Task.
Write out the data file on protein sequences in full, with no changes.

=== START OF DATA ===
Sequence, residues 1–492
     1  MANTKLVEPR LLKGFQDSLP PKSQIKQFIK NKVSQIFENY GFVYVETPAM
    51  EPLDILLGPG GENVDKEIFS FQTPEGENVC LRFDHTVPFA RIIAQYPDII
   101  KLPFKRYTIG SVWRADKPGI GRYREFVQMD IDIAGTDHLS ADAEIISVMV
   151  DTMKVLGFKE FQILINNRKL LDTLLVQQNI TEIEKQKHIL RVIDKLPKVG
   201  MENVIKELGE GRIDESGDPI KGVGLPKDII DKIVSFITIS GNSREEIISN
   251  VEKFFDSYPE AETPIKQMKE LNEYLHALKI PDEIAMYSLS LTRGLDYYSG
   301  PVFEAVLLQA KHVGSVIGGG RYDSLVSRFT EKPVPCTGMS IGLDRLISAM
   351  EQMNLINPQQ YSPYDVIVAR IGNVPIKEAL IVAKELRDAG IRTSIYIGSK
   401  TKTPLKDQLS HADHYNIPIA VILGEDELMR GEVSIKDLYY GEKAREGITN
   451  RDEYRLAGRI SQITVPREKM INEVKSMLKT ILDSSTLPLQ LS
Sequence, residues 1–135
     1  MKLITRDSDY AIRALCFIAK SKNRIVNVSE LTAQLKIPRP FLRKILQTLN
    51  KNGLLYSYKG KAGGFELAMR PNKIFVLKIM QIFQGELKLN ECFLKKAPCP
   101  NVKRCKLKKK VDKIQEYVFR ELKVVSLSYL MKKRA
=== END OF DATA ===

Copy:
Sequence, residues 1–492
     1  MANTKLVEPR LLKGFQDSLP PKSQIKQFIK NKVSQIFENY GFVYVETPAM
    51  EPLDILLGPG GENVDKEIFS FQTPEGENVC LRFDHTVPFA RIIAQYPDII
   101  KLPFKRYTIG SVWRADKPGI GRYREFVQMD IDIAGTDHLS ADAEIISVMV
   151  DTMKVLGFKE FQILINNRKL LDTLLVQQNI TEIEKQKHIL RVIDKLPKVG
   201  MENVIKELGE GRIDESGDPI KGVGLPKDII DKIVSFITIS GNSREEIISN
   251  VEKFFDSYPE AETPIKQMKE LNEYLHALKI PDEIAMYSLS LTRGLDYYSG
   301  PVFEAVLLQA KHVGSVIGGG RYDSLVSRFT EKPVPCTGMS IGLDRLISAM
   351  EQMNLINPQQ YSPYDVIVAR IGNVPIKEAL IVAKELRDAG IRTSIYIGSK
   401  TKTPLKDQLS HADHYNIPIA VILGEDELMR GEVSIKDLYY GEKAREGITN
   451  RDEYRLAGRI SQITVPREKM INEVKSMLKT ILDSSTLPLQ LS
Sequence, residues 1–135
     1  MKLITRDSDY AIRALCFIAK SKNRIVNVSE LTAQLKIPRP FLRKILQTLN
    51  KNGLLYSYKG KAGGFELAMR PNKIFVLKIM QIFQGELKLN ECFLKKAPCP
   101  NVKRCKLKKK VDKIQEYVFR ELKVVSLSYL MKKRA